Wilin Centre for Indigenous Arts - Theses
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Cueca, tradition and innovation: utilising the traditional Bolivian music form of Cueca as a generative tool in jazz based composition and improvisation
The Cueca is an expression of Latin American culture in the forms of dance, poetry and music. This investigation examines the important elements of the Bolivian Cueca, its history, development and geographical journey alongside a creative element of practice-based research arising from an analysis of my first professional recordings of Cueca that explore African-American jazz-based improvisation leading to new compositions. For this purpose, I will undertake an ethnographic and musical analysis of the Bolivian Cueca (structure, rhythm, harmony, melody and improvisation) from the first pioneers and influential composers and interpreters Simeón Roncal (pianist, 1870-1953) and José Lavadenz (mandolinist, 1883-1967). This includes an autethnographic reflection of my relationship with my cultural identity as a composer, performer and son of the Bolivian composer Gilberto Rojas (1916-1983). My intention is to ground the rationale that integrates my later study of jazz-based improvisational studies within the Cueca tradition. I have included a phenomenological contextual analysis of my 2005 recording of “Chuquisaqueñita” in the CD/DVD “Lunar” and findings from my practice-led research which enabled my understanding of the hitherto unconscious elements that I had adopted from the aforementioned composers to then create and spontaneously engage jazz and improvisation techniques within the Cueca. My creative work includes Cuecas that I composed throughout this study, which was inspired by my personal understanding as a Bolivian currently living within a multicultural context in Melbourne, Australia, highlighting the development process of Australian jazz sensibilities alongside the cross cultural notions of agency we encounter as musicians within globalised jazz.
Letters to my father: Yan Wanyoo Peepayan
Yan Wanyoo Peepayan, Letters to my Father, is the written component of Australia’s inaugural Doctorate of Visual and Performing Arts. The dissertation and its accompanying huge collection of creative works narrate Associate Professor Richard Frankland’s deeply personal and poetic story of a life long journey that performs and documents the complexities of First Nations ways of knowing, being and doing. Frankland, a significant holder of Gunditjmara knowledge, is renowned as an artist-warrior: a community leader and educator, songman, musician, filmmaker, poet, playwright and novelist who uses any medium to tell his stories of the painful past, an optimistic present and hopeful tomorrows. This collection showcases both his voice through art and the ways he facilitates the voices of hidden Australia through art, acts that inspire and energise reconciliation and social change. His contributions aim to revitalise First Nations cultural practices and language and combat the ‘poverty of spirit’ that is the legacy of colonisation. His collection of hundreds and poems and songs sing of what was, what is and what can be. The films and plays such as No Way to Forget (1996), Conversations with the Dead (20002) and Walking into the Bigness (2014), stitch a new cultural tapestry for the nation. His stories strive to shape a new national identity, insisting the past is a foundation for all hope. The collection is a statement that art is a tool for cultural capacity building not only for the First Peoples, but for others, for all. It is a dissertation and collection that addresses the dominant culture front on. The shape of the dissertation is original and non-traditional, it does not look like the customary thesis. Like other First Nations scholars around the world, Frankland has insisted on his own unique shape to facilitate his voice, embracing his culture’s oral and performed knowledge systems that are deeply connected to Country. Readers from the dominant culture engaging with this form of First Nations Storywork will find themselves in the contact zone, the space between the coloniser and the colonised, the First People and the settlers. Frankland treads lightly in the space, without apportioning guilt and blame, acknowledging a shared legacy with an invitation over the cultural abyss to places of possibility and hope. Yan Wanyoo Peepayan, is a series of fascinating and generous access points for the non-Indigenous and First Nations readers alike. He uses his art and voice to assist in both navigating the dominant culture and also in assisting the dominant culture to find a place within Australia by embracing First Nations culture.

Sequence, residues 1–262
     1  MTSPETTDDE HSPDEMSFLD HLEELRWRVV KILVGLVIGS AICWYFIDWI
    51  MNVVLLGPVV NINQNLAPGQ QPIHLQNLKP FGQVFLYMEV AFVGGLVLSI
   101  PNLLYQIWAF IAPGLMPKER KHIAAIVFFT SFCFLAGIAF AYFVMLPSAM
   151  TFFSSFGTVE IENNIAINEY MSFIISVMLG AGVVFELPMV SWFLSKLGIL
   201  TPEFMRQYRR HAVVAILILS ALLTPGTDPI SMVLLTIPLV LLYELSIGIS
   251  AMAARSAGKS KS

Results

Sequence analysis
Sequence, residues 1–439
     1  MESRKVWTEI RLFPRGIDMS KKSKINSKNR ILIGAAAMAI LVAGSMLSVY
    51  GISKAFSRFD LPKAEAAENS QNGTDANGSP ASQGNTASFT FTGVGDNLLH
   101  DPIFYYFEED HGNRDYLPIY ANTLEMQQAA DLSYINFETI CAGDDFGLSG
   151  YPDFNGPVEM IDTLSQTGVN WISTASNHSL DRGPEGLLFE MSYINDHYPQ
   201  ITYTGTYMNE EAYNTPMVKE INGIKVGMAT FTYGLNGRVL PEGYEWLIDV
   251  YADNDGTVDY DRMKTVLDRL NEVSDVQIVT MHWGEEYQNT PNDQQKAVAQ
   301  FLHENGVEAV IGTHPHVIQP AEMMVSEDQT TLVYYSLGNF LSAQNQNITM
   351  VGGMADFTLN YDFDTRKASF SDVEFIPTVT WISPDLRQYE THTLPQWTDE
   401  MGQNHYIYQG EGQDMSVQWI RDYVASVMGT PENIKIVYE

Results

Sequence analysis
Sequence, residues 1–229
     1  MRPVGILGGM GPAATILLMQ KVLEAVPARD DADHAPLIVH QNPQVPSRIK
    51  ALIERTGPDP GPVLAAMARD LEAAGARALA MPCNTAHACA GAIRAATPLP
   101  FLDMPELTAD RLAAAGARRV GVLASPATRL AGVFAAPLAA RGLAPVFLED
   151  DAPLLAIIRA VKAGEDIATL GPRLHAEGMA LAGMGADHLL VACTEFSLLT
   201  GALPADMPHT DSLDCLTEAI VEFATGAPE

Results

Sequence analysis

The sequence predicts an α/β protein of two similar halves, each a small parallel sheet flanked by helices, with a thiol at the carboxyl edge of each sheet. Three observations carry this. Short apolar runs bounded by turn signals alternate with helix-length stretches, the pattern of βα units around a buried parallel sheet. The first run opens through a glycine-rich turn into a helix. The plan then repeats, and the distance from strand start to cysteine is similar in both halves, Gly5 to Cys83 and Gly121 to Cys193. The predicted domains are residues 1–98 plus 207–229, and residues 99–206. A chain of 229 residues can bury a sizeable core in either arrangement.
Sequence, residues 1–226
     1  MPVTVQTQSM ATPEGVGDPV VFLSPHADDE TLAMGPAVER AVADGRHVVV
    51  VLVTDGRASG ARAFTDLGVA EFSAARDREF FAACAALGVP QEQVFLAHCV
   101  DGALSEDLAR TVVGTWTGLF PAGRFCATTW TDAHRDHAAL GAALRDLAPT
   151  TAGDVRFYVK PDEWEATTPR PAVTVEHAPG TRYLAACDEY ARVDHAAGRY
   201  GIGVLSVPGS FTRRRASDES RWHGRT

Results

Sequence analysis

Hurdy-gurdy: new articulations
The purpose of this thesis is to expand existing literature concerning the hurdy-gurdy as a contemporary musical instrument. Notably, it addresses the lack of hurdy-gurdy literature in the context of contemporary composition and performance. Research into this subject has been triggered by the author’s experience as a hurdy-gurdy performer and composer and the importance of investigating and documenting the hurdy-gurdy as an instrument capable of performing well outside the idioms of traditional music. This thesis consists of a collection of new works for hurdy-gurdy and investigation of existing literature including reference to the author’s personal experience as a hurdy-gurdy composer and performer. It will catalogue and systematically document a selection of hurdy-gurdy techniques and extended performance techniques, and demonstrate these within the practical context of new music compositions created by the author. This creative work and technique investigation and documentation is a valuable resource for those seeking deeper practical and academic understanding of the hurdy-gurdy within the context of contemporary music making.